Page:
Pittsburgh Pirates: Examining Some of the Worst Teams in Franchise History

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Pittsburgh Pirates
CHICAGO, ILLINOIS – AUGUST 01: A member of the Pittsburgh Pirates watches from the stands as his teammates take on the Chicago Cubs at Wrigley Field on August 01, 2020 in Chicago, Illinois. (Photo by Jonathan Daniel/Getty Images) /

1954 Pittsburgh Pirates, 53-101 Record

Yes, I know, I know I’ve gone three years in a row here, but you have to look at the facts with the Pirates losing 100 games seven times, three of them happened from 52-54. Managing these Pirates yet again was Haney. Haney managed the Pirates for another year after 1954 and posted a 163-299 record in those three years. Haney managed four more years in Milwaukee and never saw his team lose more than 70 games.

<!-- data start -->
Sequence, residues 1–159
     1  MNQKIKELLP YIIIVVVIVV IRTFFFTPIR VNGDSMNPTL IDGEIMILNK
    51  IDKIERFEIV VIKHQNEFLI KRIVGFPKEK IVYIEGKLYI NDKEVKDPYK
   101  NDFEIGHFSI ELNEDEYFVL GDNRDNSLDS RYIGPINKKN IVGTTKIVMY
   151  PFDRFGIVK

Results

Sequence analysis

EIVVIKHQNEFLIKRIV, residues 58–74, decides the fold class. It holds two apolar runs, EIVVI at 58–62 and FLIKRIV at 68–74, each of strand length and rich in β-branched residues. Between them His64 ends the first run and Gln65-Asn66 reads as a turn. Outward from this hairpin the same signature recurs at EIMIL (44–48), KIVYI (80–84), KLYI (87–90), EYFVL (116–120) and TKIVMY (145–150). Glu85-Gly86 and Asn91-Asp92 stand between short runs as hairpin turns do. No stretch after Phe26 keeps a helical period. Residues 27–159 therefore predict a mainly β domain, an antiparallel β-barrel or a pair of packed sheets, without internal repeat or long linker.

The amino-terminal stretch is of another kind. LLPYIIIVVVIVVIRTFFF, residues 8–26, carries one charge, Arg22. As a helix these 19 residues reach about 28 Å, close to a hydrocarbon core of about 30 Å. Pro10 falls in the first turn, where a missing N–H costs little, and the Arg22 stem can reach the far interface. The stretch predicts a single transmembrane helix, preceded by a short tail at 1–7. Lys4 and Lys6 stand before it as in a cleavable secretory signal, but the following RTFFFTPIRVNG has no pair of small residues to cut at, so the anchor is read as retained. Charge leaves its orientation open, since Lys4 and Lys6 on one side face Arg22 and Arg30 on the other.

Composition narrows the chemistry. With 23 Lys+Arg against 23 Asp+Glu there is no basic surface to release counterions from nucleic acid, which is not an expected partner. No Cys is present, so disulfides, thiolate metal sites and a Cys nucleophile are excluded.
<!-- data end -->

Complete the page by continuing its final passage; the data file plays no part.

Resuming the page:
Outfielder Sid Gordon led the team in batting average with .306 and had a slash line of .306/.405/.438. Thomas yet again led the team in homers (23) RBI’s (94) and hits with 172. Thomas in 54 earned his first of three All-Star appearances that year, and rightfully so I must say. Even though he isn’t a “legend,” I must say Thomas was underrated for his time.

Dick Littlefield led the 1954 Pirates in both wins (10) and ERA (3.60.) Friend would have one more bad year with a 7-12 record and a career-high 5.07 ERA. Little did Pirate fans know he would be an excellent pitcher not long after. We also saw another Pirates legend in Vern Law pitch that year. After two years in the military, Law came back with a 5.51 ERA in 39 games (ouch.) I promise we are out of the ’50s.